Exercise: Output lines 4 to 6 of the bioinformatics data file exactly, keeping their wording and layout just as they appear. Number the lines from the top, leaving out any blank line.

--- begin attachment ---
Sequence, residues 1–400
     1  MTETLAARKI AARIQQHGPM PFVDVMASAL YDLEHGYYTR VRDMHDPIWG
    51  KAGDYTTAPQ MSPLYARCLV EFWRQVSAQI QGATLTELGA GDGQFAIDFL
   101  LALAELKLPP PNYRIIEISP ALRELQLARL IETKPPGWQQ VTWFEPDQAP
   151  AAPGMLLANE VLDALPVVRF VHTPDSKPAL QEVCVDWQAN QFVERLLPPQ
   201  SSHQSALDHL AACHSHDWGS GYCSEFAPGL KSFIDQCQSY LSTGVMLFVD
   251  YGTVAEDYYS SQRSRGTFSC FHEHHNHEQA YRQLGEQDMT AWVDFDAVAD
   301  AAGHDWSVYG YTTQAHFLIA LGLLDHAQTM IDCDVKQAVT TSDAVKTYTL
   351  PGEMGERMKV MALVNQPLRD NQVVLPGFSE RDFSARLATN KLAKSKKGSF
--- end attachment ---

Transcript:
   101  LALAELKLPP PNYRIIEISP ALRELQLARL IETKPPGWQQ VTWFEPDQAP
   151  AAPGMLLANE VLDALPVVRF VHTPDSKPAL QEVCVDWQAN QFVERLLPPQ
   201  SSHQSALDHL AACHSHDWGS GYCSEFAPGL KSFIDQCQSY LSTGVMLFVD